In the context of menopause and perimenopause, “bio-identical” hormones are hormones that have been synthesized in a lab so that your body can identify them as its own. Therefore, BHRT refers to manufactured molecules that mimic reproductive hormones such as estrogen and progesterone—you know, the ones that are going rogue for you right about now. Although natural components from plants like soy and yam are used to make bio-identical hormones, in fact, they are not the same as bio-identical hormones. Labs chemically tweak these “phyto-hormones” to look like our hormones; afterward, they are no longer natural, they are now bio-identical.  (Frankie’s yam lube in Frankie and Grace?  Now that’s “natural”!) In contrast, HRT refers to all hormone replacement, bio-identical or not.

The Bio-Identical Hormone Craze

So why do people want bio-identical hormones so badly? The scramble for BHRT started in 2002 after the initial reporting of results from the Women’s Health Initiative (WHI), a federally funded study examining the overall health of women ages 50-79.  As a result of the report, the hormone replacement (HRT) arm of the study was halted abruptly, as it was deemed that all women on hormones were at increased risk of breast cancer, heart disease and stroke. Subsequently, doctors across the country stopped prescribing hormones to almost every woman who was in menopause. At the time, I was working at Kaiser in the emergency room, and I can tell you, it was a national crisis. Women at every age and stage of menopause were showing up incapacitated by hot flashes, palpitations, memory lapses, and just plain insanity. Perhaps you remember your mother back then? Did anyone take away her hormones? Just awful.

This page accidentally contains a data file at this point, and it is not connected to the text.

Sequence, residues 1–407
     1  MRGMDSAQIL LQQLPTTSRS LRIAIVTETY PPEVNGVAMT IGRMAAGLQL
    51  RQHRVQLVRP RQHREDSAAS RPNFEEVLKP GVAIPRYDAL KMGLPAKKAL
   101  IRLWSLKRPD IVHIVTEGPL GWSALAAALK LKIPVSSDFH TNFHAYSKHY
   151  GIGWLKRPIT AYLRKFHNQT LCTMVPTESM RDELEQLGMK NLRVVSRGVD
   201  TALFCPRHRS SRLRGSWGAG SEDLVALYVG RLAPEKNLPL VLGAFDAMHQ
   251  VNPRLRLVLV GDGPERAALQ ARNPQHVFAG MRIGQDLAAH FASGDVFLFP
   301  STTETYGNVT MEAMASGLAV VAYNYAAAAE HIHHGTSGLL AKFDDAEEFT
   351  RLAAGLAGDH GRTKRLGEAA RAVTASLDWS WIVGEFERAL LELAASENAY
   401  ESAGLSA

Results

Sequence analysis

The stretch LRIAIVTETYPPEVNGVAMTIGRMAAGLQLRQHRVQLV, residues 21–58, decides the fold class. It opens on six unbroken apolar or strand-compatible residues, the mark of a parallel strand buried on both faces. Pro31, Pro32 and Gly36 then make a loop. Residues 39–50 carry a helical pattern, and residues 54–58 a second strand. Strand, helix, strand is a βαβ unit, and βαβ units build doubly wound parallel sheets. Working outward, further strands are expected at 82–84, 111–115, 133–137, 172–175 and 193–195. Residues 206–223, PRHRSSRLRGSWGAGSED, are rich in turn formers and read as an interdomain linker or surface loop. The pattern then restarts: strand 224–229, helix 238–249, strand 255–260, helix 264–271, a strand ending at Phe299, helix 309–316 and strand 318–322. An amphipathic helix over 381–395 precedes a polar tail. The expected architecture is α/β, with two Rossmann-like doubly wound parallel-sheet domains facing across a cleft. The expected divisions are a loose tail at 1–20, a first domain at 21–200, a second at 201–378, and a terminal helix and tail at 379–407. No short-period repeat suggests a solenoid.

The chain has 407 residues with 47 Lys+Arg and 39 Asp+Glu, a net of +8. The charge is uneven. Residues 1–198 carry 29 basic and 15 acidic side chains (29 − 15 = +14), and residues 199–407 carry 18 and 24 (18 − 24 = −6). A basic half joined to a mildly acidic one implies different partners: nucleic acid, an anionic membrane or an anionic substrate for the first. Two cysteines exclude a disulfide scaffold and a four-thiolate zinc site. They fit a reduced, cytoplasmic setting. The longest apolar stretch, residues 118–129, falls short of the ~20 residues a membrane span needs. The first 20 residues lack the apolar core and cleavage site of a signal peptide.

By the end of the decade, it was evident that physicians were still afraid to prescribe anything for menopausal symptoms, even though the initial fears surrounding HRT had been debunked. Instead, women desperate for relief found alternative doctors who had already been undergroundcompounding estrogen and progesterone for yearscalling them “bio-identical”. The already existing pursuit of something more natural, combined with the results of the WHI, led to the scramble for bio-identical hormones. But in the last decade, pharmaceutical companies have recognized the demand for “natural” hormones and branded their own formulations, which, unlike the 1960’s through about 2010, are now available mainstream.

Selecting the Right Bio-Identical Hormone

Now that you have some background, let’s move on to how do bio-identical hormones treat and prevent symptoms of menopause, like hot flashes, night sweats and osteoporosis:

Estrogen